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Is Your Car Telling Your Insurer How You Drive?

Our right to data privacy should not be run over in the pursuit of profits.

As someone who has spent over a decade advising companies on data protection and privacy compliance, I was extremely disturbed to read the recent reports about cars spying on drivers and sending detailed driving behaviour data to insurance companies. This appears to be a flagrant violation of reasonable data privacy expectations.

According to the reports, manufacturers like General Motors, Subaru, Mitsubishi, Hyundai, and Kia are offering drivers apps to connect their vehicles and get fuel economy guidance and "safe driving" feedback. However, the manufacturers have failed to properly disclose that this connectivity allows the vehicles to comprehensively track and record driver behaviours like speeding, hard braking, and aggressive cornering. Even more alarmingly, they are then sharing this personal driving data with insurance companies, which are using it to penalise drivers deemed "high risk" with higher premiums.

This entire data collection and sharing scheme reeks of deceptive practices and violates the core privacy principle of giving users full transparency and choice over how their personal information is used. Most drivers surely have no idea they are being monitored this intrusively nor would they expect details about their driving habits to be covertly packaged and sold to third parties.

From a compliance perspective, there are huge issues here around notice, consent, data minimisation, and purpose limitation principles. Modern data protection laws require companies to provide clear notice about what personal data they collect and how it will be used or shared. The connected car data sharing appears to be happening without true user knowledge or consent. There are also questions around whether tracking someone's second-by-second driving behaviour is even necessary for the stated purposes of the telematics programs.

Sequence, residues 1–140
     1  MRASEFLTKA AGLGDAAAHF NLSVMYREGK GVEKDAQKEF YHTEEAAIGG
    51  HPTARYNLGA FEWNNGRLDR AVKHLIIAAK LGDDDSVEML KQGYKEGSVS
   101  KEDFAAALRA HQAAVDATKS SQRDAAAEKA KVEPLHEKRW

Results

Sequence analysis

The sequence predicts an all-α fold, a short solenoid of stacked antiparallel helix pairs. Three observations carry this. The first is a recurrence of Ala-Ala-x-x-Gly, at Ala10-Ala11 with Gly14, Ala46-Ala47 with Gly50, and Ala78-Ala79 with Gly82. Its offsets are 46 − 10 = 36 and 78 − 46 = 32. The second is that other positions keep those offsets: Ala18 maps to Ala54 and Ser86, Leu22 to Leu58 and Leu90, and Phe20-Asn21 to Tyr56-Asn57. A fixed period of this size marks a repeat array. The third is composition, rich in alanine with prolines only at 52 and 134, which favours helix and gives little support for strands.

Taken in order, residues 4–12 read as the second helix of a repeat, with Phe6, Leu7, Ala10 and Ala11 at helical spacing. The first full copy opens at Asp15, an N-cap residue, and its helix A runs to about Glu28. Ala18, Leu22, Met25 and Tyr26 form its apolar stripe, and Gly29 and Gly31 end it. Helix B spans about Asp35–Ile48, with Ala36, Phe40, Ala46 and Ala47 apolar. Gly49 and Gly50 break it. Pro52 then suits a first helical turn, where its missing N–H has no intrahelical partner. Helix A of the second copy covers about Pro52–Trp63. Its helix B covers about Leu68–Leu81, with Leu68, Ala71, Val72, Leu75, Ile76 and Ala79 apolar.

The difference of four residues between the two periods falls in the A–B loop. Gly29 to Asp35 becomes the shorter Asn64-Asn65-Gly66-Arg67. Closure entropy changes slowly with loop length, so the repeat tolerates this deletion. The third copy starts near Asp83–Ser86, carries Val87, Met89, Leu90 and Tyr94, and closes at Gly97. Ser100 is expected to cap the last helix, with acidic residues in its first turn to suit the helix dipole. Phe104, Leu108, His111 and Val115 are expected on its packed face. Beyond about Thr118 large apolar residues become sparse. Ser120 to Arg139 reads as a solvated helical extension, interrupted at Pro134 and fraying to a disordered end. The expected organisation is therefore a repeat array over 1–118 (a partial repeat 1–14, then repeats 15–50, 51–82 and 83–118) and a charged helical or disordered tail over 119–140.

While insurance providers claim this personal driving data allows them to assess risk more accurately, the negative consequences for consumer privacy and trust are severe. People will rightfully feel betrayed and misled by their automakers and insurers abusing connectivity this way. I fear we are rapidly headed towards a world of ubiquitous surveillance scoring if companies continue to exploit our digital trails without transparency or consent.

Now in the spirit of balance it should be said that insurers claim that your regular motor insurance does not have access to your black box and its data. The only way an insurance company can track the data from your car’s black box is if you have specifically signed up for a telematics (black box) insurance plan, although some commercial vehicle insurance policies include clauses that permit them to obtain black box data in the event of a crash. 

When the policyholder accepts the insurance coverage, that technically serves as consent. But generally speaking, insurance companies cannot use black box data without a court order or the owner/lessee’s consent. 

It is clear from the information in the public domain that car manufacturers and insurers must be held to strict compliance standards around collecting and using personal data responsibly. If they fail to course correct, we may need regulatory action to rein in these unethical car monitoring programs and data sharing practices.

Our right to data privacy should not be run over in the pursuit of profits.

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